The first time I did this, the pan was too hot (I had it on medium-high, per the recipe instructions) and it burned immediately. There were lots of brown chunks in it after scraping the bottom, so I decided to throw it out and try again. This time, I put the heat on medium-low and that worked much better. After a couple of minutes, it was ready to taste! (This is a terrible picture, but it was hard to take a picture with my left hand while stirring with my right hand.)

I didn't want to pour it all over nachos without tasting it first, so I just grabbed a chip and dipped it. I was completely surprised at how good it was! It amazed me that those ingredients had turned into this really good nacho cheese. I had Jerry and the kids taste it at this point, too. The verdict:

Jerry - Not totally crazy about it; couldn't put his finger on what it was. He didn't entirely dislike it, though.
Noah - Said it was better than canned nacho cheese, but he's not a big fan of canned nacho cheese either. (He uses shredded cheddar on nachos.) Still, the fact that he said it was better than the canned stuff was worth mentioning.
Eli - Even more shocking than the ingredients list turning into cheese was the fact that Eli actually LIKED it!

I'd bought a can of nacho cheese for the family in case they didn't like the vegan stuff and I offered to open and heat it, but Eli said he'd eat the vegan stuff. And Jerry said he would too, considering he was going to load the nachos with other stuff as well. Noah just pulled the cheddar out of the fridge. So, I didn't even have to open the can of nacho cheese! 


There was a problem with the texture almost immediately. As soon as it started to cool off (only a minute), it started to thicken and it wasn't something you could pour over the nachos. It had the texture of very thick sour cream, so it kind of came off the spoon in clumps rather than drizzling. I have to stress that this all happened within probably 60 seconds. This is what it looked like after we'd each put some on our nachos--so just a couple of minutes:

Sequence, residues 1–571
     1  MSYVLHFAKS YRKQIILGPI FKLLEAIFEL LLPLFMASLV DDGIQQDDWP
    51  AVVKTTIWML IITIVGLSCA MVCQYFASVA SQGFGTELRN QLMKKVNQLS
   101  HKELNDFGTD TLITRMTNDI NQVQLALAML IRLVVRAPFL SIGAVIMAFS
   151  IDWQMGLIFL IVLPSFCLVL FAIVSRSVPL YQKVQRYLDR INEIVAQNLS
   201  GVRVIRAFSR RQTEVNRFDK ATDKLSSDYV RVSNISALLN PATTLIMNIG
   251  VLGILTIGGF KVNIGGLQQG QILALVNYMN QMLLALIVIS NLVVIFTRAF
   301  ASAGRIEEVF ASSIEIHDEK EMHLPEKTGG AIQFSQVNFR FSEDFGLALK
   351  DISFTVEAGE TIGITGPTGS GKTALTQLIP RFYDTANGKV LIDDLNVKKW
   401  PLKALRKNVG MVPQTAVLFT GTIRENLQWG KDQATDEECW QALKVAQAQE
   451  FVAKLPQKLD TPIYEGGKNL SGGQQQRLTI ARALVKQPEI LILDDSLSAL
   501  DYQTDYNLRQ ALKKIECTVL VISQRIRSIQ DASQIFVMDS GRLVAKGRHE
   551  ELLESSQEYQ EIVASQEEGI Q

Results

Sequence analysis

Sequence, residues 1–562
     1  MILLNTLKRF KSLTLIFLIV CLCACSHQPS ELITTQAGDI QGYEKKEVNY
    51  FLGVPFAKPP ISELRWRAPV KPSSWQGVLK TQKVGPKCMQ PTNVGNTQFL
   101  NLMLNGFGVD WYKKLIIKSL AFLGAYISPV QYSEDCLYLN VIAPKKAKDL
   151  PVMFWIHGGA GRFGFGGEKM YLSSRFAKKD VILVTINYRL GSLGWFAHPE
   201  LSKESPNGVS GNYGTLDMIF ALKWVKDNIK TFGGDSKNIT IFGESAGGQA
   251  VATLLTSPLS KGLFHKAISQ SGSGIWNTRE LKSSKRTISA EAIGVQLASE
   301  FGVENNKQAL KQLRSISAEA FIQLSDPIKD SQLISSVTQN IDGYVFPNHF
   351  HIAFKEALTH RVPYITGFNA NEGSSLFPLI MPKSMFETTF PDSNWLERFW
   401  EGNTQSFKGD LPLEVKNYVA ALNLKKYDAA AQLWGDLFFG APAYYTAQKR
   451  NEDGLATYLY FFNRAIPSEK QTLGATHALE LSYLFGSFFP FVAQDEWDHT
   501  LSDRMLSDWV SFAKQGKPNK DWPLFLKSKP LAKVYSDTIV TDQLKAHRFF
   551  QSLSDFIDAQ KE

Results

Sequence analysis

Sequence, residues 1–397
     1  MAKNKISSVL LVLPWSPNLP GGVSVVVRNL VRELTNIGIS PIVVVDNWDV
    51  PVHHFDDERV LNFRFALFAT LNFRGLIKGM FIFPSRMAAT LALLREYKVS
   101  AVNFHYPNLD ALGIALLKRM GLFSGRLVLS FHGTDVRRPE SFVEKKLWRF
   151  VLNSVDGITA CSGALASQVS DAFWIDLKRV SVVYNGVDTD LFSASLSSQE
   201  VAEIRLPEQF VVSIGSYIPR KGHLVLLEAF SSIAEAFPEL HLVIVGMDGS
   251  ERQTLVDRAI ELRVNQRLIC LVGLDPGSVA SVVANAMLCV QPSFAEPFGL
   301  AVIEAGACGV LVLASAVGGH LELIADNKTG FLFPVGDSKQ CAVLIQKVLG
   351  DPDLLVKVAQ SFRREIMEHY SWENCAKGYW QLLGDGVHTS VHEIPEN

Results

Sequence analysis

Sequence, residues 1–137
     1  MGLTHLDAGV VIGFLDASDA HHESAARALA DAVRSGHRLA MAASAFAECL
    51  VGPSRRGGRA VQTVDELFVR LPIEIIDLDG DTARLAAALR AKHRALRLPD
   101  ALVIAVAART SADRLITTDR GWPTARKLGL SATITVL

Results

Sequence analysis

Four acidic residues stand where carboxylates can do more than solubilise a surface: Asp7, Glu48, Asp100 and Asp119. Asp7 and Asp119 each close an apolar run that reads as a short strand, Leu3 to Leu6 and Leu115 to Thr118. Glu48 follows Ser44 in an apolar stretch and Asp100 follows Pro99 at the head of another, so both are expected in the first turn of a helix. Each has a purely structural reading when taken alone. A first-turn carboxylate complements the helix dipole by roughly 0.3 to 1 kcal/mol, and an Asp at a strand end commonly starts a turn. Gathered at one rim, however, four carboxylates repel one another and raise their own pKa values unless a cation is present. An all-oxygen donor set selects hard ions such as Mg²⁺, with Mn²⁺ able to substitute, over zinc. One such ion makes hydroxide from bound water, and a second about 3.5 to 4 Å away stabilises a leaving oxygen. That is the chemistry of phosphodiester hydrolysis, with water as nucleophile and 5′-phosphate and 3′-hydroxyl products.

Still, I managed to spread it around my nachos. Then I proceeded to add lots of toppings: taco "meat" (texturized vegetable protein--soy crumbles--seasoned with my homemade taco seasoning), black beans, jalapeƱos, olives, avocado, green onions, and tomatoes. It looked SO GOOD. (There is nacho "cheese" sauce under all the toppings, I promise.)

Ohmygosh, they were delicious! With all of the flavors together, I never would have noticed the difference between the vegan nacho cheese and regular canned nacho cheese. I just wish the texture would have stayed more of a sauce.

When I was cleaning up the kitchen afterward, I put the leftover nacho "cheese" in a container for the fridge, and you can clearly see what I'm talking about. It was one big clump.

The following day, Eli actually asked if he could use it to make nachos again. I was so shocked--but I said sure, I'll heat it up. I added the clump of cheese and a little water to a sauce pan over medium heat. I stirred and stirred and stirred, hoping to get it to a good consistency. Finally, it was sort of saucy, but there were smaller clumps in it. As soon as I stopped stirring, it would firm up again. So I had to constantly stir while attempting to drizzle it on Eli's nachos. He said it tasted just fine.

So, my final thoughts: I am shocked that the odd ingredients produced something that very much tasted like nacho cheese. If I didn't know better, I would have thought it was nacho cheese on my chips.

I'm bummed about the texture! I know I didn't mess up any ingredients (remember, I made it twice!). It's got to be something with the tapioca starch. I read the comments on the recipe and several other people said the same thing--that it tasted delicious but it gets way too thick too quickly.